Nair does not mention the identity of the friends who made this dark joke, but one of his closest military contacts, War Minister General Seishiro Itagaki, received the death sentence at the Tokyo War Crimes Trials, while another, General Yoshijiro Umezu, died in prison. Nair remained an Indian citizen all his life, but because of the espionage and undercover work he carried out, he was treated by Japan’s top military figures as equivalent to a major-general in rank.
Nair-san, as he was to be familiarly known, was a native of Kerala on the southwest tip of India. He arrived in Japan in 1928 at the age of 23 to study engineering at Kyoto University. Back home, he had already made a nuisance of himself, organizing India’s first school strike and agitating against caste restrictions and the British colonial authorities. Once settled in Japan, he was bowled over by what he saw.
“Here was a country which, in a matter of about a mere half-century, had progressed from a basically feudal set-up to the status of a great economic power…. If Japan could do what she did, why should India at least not be able to break free from its colonial shackles?”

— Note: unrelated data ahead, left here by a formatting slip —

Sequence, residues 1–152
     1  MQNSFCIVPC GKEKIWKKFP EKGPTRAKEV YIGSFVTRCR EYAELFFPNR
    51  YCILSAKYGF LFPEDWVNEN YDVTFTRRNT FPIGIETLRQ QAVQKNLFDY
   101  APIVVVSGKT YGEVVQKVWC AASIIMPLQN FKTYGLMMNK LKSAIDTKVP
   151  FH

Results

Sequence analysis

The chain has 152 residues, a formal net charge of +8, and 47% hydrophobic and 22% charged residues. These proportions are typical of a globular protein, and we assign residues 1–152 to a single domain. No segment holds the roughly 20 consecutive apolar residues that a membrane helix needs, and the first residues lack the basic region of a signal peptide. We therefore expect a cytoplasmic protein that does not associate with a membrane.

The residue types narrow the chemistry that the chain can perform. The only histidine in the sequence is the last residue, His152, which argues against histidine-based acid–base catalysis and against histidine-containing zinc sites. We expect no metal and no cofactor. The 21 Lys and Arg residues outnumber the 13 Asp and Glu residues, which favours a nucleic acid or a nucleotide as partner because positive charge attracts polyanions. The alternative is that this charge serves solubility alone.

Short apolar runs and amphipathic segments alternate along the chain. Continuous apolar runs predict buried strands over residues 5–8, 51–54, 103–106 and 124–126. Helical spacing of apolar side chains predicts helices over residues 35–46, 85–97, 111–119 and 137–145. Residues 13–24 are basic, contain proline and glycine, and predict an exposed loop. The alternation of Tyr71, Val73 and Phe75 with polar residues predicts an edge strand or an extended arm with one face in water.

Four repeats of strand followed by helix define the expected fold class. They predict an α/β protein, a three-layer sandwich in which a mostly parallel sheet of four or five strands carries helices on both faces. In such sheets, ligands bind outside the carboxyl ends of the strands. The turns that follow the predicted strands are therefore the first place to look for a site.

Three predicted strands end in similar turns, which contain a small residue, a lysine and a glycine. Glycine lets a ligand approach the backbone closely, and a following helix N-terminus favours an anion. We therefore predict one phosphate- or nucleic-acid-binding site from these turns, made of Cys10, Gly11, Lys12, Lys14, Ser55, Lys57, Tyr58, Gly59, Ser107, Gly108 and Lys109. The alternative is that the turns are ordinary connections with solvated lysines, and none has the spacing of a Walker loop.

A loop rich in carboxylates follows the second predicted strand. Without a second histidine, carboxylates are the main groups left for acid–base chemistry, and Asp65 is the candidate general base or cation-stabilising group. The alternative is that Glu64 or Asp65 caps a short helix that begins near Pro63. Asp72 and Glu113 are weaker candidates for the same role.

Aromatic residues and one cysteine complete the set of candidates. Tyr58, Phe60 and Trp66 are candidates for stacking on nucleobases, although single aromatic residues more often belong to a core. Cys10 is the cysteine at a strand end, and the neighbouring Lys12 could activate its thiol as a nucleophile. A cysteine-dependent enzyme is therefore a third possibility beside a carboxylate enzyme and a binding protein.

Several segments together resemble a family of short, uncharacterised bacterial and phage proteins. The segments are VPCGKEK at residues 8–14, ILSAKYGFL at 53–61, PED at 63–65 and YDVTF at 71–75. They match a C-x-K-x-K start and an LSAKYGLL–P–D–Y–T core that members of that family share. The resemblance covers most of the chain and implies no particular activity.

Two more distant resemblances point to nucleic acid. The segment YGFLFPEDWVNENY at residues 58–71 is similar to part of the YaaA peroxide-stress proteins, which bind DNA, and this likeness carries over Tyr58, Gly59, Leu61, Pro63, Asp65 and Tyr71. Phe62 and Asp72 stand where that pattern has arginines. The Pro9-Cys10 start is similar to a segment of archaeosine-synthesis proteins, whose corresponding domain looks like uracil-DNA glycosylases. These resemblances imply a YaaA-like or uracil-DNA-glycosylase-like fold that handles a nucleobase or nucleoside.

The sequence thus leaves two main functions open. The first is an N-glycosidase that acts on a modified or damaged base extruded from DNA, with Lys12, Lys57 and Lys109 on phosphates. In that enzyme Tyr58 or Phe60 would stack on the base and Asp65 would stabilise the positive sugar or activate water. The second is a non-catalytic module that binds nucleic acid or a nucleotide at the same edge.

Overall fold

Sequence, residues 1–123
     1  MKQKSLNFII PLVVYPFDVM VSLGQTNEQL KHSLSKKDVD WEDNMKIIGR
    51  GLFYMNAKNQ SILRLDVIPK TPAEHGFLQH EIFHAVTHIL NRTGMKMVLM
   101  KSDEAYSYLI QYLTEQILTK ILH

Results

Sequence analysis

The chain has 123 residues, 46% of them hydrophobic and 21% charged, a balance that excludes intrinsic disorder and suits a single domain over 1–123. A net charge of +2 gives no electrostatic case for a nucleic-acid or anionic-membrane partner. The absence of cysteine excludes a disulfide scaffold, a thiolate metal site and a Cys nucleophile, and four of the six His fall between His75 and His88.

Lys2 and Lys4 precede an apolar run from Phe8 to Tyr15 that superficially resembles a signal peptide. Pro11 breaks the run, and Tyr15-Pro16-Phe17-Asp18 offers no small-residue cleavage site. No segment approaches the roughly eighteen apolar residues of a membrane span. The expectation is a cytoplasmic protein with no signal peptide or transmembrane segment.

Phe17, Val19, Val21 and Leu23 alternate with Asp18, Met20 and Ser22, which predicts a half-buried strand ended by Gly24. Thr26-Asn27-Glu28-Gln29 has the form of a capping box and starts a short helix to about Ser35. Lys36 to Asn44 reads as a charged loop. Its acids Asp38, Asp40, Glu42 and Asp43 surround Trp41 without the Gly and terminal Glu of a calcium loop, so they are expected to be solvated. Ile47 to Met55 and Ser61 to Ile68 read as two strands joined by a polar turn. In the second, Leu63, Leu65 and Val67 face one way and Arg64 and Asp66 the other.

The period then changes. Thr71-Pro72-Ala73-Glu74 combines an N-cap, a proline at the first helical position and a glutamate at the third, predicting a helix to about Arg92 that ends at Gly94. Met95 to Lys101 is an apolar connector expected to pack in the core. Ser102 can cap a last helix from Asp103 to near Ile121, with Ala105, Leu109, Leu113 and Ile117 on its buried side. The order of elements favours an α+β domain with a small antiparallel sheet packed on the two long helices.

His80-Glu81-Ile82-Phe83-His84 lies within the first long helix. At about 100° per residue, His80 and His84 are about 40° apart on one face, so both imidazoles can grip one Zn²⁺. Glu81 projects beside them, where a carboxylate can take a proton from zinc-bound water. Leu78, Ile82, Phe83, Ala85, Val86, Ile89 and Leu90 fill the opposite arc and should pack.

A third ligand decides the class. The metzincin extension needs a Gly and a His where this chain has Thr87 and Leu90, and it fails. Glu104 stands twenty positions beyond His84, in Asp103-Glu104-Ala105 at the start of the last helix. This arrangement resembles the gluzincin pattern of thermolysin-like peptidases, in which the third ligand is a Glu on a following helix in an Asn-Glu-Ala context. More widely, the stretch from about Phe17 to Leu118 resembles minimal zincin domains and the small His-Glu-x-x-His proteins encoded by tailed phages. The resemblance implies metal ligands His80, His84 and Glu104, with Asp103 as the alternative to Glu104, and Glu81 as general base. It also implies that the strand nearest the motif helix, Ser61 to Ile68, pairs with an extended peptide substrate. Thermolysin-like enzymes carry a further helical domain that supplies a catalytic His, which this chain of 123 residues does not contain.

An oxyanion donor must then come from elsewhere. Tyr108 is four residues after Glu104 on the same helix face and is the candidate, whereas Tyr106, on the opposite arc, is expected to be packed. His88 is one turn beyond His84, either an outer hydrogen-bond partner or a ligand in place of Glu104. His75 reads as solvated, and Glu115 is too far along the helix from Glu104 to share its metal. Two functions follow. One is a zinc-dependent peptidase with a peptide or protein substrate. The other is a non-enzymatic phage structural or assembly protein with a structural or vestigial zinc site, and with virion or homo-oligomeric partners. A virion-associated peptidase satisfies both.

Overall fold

It is a testimony to the seriousness of Japan’s Pan-Asian ambitions that Nair, while still a hard-up student with less than perfect Japanese, was taken up by senior military men. General Yamamoto, commander of a division stationed near Kyoto, treated him “practically like a brother” and introduced him to other members of the elite.
Soon he was lecturing far and wide and finding that his anti-British, pro-independence message was greeted with enthusiasm. As the clash of empires heated up, Nair was invited to Manchukuo (now Manchuria), the puppet state that the Japanese army had set up in 1932.
In the following years, Nair led a kind of Lawrence of Arabia existence, traveling through remote areas of Manchukuo, China, and Mongolia, doing his best to damage British interests and promote Japanese influence. He disguised himself as a camel dealer, Moslem mullah, and Tibetan “living Buddha.” Among other adventures, he foiled a British intelligence agent’s plan to map out a route to India across the Himalayas by setting ablaze the entire fuel supply for his vehicles.